Pieter and Jaapje Luijendijk settled in Owasco, Cayuga, New York for a time. They can be found in the 1850 and 1860 U.S. Federal Census in Owasco. Jaapje's brother, Johannes, settled in this area, too. Sometime before 1870, Pieter, Jaapje and their seven children migrated to the Grand Rapids area of Michigan. I don't know the reasoning for this move, but do know that the Grand Rapids area is heavily populated by Dutch people.
The migration of Pieter Luijendijk took him from Zuid-Holland, Netherlands to Owasco, Cayuga, New York to Grand Rapids, Kent, Michigan. A journey of almost four thousand miles. I hope he found the better life he was looking for.
Kirk's maternal grandfather, Bertrand 'Bert' Francis Corcoran, died of a heart attack on 21 July 1959 in Elk Rapids, Antrim, Michigan. Bert and his wife, Leona, were in Elk Rapids visiting his daughter, Elizabeth 'Betty', and her husband Jim (Kirk's parents). Jim was on a temporary assignment for Western Electric at the time.
Kirk remembers the days before his grandfather's death as fun. His grandfather was a very generous person. He would talk to his grandchildren and was fun to be with. Whenever Grandpa Corcoran came to visit he would slap a silver dollar in his grandchildren's hands. That week Grandpa Corcoran had taken Kirk and his brother and sisters to a dime store type store and the kids got to buy a toy.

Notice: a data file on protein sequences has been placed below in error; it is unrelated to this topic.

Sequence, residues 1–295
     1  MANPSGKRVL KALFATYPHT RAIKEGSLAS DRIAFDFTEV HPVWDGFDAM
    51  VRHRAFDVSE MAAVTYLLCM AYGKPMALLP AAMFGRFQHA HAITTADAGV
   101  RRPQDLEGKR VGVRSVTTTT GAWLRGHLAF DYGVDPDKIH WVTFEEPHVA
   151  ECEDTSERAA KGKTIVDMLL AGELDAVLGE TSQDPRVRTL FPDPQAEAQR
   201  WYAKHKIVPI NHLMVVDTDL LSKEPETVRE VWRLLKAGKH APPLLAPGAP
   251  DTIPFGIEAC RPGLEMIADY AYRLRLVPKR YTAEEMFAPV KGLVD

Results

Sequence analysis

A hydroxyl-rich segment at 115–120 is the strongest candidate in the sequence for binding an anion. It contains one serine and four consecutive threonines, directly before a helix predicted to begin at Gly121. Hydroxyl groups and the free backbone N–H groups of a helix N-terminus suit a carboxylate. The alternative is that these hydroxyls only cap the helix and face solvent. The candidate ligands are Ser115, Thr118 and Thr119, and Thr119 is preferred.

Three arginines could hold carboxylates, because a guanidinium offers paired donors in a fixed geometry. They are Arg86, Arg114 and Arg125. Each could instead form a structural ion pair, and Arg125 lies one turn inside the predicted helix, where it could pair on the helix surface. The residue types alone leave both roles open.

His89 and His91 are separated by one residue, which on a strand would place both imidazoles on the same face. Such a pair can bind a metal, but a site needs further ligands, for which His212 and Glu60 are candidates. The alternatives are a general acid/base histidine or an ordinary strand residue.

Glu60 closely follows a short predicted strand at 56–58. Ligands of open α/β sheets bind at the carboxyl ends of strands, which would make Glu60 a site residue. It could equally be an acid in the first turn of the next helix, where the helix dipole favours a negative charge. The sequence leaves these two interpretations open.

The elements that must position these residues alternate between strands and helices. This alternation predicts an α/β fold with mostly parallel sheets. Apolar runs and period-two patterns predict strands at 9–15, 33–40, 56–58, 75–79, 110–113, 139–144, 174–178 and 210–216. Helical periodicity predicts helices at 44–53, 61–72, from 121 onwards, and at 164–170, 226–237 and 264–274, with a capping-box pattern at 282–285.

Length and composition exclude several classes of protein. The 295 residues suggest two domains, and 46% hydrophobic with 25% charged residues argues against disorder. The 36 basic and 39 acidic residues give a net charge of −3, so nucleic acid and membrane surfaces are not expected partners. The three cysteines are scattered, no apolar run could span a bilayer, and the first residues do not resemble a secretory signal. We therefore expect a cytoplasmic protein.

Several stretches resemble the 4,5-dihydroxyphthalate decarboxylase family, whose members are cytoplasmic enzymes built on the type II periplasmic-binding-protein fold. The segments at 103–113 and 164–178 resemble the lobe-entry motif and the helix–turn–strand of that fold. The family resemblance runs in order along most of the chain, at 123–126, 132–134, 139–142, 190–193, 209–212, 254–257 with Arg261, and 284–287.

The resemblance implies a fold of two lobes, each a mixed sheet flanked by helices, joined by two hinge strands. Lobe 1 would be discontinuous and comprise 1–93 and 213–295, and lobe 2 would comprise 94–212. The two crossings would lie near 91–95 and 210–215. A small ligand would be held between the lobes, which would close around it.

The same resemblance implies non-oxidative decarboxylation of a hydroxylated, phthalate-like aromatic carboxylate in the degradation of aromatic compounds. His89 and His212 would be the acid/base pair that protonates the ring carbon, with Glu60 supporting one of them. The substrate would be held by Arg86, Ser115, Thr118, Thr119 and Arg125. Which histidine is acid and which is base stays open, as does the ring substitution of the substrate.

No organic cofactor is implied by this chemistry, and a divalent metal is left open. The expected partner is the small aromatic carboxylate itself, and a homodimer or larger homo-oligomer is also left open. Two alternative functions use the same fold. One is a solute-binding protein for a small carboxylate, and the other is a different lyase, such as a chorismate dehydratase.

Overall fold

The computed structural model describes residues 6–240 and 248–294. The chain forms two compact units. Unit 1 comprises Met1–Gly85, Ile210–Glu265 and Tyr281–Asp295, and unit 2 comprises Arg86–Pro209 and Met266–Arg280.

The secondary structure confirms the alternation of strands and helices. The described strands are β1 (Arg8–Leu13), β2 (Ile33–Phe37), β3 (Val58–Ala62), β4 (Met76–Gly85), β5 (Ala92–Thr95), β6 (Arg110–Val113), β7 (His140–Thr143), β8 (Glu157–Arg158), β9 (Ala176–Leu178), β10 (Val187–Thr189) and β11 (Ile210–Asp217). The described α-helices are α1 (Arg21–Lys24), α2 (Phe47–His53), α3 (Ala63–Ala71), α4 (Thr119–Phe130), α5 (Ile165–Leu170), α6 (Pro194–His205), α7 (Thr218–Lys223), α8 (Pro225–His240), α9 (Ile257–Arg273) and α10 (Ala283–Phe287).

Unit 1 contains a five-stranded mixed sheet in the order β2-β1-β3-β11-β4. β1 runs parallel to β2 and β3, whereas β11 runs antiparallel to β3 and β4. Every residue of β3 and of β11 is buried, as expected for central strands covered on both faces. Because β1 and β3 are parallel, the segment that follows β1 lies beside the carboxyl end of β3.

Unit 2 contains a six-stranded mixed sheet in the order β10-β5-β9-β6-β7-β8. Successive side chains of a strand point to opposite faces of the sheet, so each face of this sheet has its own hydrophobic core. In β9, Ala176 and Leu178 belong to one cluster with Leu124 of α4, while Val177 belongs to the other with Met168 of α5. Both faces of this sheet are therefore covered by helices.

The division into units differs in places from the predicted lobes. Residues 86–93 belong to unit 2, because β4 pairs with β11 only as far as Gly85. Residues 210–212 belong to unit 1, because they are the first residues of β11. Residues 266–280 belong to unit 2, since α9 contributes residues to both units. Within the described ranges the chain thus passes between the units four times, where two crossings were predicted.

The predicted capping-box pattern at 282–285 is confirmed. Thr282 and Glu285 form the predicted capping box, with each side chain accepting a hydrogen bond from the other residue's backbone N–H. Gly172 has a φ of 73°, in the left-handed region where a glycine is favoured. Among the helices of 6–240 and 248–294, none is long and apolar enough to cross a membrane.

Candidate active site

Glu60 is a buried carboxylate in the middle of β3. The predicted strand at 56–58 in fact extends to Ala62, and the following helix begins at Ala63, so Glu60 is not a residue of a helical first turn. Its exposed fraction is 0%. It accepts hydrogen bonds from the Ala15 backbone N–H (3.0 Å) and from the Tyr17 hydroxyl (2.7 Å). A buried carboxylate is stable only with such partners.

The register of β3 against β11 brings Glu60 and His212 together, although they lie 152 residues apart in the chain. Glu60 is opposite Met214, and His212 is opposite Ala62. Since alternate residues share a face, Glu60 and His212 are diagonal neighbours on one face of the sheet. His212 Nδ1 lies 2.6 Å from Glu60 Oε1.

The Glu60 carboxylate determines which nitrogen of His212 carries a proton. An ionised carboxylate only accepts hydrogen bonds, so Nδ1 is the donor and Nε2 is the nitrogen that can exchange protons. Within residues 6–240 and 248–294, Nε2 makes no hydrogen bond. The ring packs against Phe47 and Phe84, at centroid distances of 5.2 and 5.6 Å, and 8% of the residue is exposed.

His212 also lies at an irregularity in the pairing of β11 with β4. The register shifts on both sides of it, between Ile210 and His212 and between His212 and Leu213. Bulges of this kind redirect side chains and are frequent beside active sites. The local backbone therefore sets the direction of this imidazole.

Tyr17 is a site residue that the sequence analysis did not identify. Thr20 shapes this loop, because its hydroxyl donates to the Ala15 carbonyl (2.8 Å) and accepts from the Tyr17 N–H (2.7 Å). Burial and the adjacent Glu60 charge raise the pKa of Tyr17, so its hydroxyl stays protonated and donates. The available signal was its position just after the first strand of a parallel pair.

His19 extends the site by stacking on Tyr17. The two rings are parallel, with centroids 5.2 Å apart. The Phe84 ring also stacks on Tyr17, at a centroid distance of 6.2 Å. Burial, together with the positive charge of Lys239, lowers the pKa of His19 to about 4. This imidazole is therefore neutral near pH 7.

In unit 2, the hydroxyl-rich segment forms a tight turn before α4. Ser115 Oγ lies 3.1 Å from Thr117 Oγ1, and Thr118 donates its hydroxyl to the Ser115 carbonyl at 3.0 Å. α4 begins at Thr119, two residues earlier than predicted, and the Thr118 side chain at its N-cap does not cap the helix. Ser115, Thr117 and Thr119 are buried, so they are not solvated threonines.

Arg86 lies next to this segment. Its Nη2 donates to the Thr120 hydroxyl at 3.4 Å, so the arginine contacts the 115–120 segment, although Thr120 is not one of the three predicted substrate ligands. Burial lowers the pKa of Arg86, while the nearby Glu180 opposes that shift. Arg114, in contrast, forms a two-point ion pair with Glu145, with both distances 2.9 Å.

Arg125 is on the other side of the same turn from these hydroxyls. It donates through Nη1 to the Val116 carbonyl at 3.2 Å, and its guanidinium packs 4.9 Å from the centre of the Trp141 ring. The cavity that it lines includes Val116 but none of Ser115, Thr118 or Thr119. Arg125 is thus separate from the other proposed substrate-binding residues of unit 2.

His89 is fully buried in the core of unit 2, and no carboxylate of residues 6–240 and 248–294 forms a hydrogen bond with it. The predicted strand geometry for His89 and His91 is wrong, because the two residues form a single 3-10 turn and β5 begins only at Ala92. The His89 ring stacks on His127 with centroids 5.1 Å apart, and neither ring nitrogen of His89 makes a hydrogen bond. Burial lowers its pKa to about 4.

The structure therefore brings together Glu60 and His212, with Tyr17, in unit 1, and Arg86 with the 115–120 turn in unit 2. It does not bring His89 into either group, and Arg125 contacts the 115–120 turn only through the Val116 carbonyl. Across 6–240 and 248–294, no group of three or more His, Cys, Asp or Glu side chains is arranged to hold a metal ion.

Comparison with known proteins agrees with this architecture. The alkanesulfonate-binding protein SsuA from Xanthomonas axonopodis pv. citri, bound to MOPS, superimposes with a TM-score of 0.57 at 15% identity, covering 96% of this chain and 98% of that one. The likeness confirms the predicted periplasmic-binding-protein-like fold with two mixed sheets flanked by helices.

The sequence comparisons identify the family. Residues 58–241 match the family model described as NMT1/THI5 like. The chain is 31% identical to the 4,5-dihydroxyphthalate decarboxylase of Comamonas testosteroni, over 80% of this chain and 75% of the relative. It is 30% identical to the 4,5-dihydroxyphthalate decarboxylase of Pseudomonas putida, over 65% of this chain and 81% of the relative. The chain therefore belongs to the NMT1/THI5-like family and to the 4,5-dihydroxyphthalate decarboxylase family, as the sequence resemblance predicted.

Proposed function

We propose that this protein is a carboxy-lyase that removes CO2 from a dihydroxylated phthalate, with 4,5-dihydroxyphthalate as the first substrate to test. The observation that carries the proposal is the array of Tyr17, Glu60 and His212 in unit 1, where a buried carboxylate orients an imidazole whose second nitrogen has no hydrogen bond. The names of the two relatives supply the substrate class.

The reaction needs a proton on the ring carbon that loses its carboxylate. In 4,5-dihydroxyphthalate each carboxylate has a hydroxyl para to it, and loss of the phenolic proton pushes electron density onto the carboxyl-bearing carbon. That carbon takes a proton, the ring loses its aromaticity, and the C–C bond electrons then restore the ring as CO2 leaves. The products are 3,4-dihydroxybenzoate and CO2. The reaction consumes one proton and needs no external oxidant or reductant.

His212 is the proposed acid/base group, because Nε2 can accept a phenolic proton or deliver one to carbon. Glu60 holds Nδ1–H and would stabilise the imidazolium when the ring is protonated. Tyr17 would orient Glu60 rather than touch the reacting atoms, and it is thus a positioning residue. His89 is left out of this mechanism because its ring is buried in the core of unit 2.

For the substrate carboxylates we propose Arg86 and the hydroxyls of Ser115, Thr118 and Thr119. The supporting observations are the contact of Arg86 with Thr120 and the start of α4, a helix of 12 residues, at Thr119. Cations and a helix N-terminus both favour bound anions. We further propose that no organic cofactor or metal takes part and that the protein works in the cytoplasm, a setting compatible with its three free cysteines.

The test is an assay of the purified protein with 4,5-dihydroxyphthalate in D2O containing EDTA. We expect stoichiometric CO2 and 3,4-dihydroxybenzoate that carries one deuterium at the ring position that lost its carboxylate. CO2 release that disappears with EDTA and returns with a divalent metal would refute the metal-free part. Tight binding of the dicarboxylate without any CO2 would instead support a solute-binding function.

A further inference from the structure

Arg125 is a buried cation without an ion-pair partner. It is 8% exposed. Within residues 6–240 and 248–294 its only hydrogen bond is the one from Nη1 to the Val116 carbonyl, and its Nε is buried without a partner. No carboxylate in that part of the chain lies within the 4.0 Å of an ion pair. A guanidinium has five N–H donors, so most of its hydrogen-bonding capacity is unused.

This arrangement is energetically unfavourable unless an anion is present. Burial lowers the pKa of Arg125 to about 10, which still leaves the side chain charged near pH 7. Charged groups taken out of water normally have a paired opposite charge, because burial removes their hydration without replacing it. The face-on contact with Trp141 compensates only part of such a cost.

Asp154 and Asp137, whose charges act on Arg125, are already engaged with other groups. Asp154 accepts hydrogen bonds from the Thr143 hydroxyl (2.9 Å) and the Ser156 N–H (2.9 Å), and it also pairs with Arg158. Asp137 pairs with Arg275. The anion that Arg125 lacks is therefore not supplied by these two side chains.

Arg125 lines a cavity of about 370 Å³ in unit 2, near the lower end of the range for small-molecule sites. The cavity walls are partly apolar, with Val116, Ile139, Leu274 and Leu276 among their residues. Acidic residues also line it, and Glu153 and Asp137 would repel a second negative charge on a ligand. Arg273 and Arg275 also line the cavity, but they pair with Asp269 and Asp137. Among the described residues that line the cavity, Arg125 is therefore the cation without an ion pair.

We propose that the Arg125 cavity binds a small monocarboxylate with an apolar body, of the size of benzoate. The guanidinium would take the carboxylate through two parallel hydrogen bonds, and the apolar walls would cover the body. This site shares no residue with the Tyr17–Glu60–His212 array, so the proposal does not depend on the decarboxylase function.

The morning of Bert's death was a sunny, summer day. Kirk, who was eight at the time, remembers the family eating hamburgers on the screened-in porch. While Bert was eating he started having problems. He went inside to lay down and an ambulance was called. The kids were kept on the porch while the paramedics attended to Bert, so they wouldn't see anything. But kids being kids, they peeked through a window. Kirk remembers the paramedics plunging a hypodermic needle into his grandfather's chest before being told to get away from the window. Bert died shortly afterwards at the age of 56.
Below is the obituary for Bertrand Francis Corcoran (7 Jan 1903-21 Jul 1959). Bertrand was the son of Timothy Francis Corcoran and Helen (Schmitt) Corcoran.
The body is at O'Brien's Colonial funeral home.